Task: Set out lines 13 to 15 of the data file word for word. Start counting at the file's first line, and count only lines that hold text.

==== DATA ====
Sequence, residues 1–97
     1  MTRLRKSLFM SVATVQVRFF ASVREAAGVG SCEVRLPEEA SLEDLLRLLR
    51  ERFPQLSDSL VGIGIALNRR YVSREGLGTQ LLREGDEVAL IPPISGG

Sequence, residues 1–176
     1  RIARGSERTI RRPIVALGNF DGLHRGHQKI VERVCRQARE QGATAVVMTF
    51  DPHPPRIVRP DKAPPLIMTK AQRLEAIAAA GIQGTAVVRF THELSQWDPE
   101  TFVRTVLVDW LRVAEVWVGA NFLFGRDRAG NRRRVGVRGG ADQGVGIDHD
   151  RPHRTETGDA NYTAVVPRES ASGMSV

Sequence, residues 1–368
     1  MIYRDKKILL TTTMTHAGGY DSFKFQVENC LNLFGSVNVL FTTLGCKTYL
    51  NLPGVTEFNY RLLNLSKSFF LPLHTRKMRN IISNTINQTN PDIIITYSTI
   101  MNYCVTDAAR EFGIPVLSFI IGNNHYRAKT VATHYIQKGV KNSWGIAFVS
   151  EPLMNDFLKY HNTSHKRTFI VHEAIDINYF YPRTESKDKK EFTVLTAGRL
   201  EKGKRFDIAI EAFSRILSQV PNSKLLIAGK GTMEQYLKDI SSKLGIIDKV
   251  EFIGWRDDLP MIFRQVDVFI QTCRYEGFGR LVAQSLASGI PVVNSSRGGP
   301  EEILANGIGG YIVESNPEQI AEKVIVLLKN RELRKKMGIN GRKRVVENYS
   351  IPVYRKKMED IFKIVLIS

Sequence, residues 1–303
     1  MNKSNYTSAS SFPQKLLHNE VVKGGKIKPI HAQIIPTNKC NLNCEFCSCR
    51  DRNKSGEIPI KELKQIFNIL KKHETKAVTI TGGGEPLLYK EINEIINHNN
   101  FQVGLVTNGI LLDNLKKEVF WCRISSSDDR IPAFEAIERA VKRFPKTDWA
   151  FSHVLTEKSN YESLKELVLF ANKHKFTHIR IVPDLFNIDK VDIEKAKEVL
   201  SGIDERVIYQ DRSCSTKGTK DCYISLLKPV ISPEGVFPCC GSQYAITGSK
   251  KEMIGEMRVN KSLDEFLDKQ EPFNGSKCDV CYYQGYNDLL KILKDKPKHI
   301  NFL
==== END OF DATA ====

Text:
   151  EPLMNDFLKY HNTSHKRTFI VHEAIDINYF YPRTESKDKK EFTVLTAGRL
   201  EKGKRFDIAI EAFSRILSQV PNSKLLIAGK GTMEQYLKDI SSKLGIIDKV
   251  EFIGWRDDLP MIFRQVDVFI QTCRYEGFGR LVAQSLASGI PVVNSSRGGP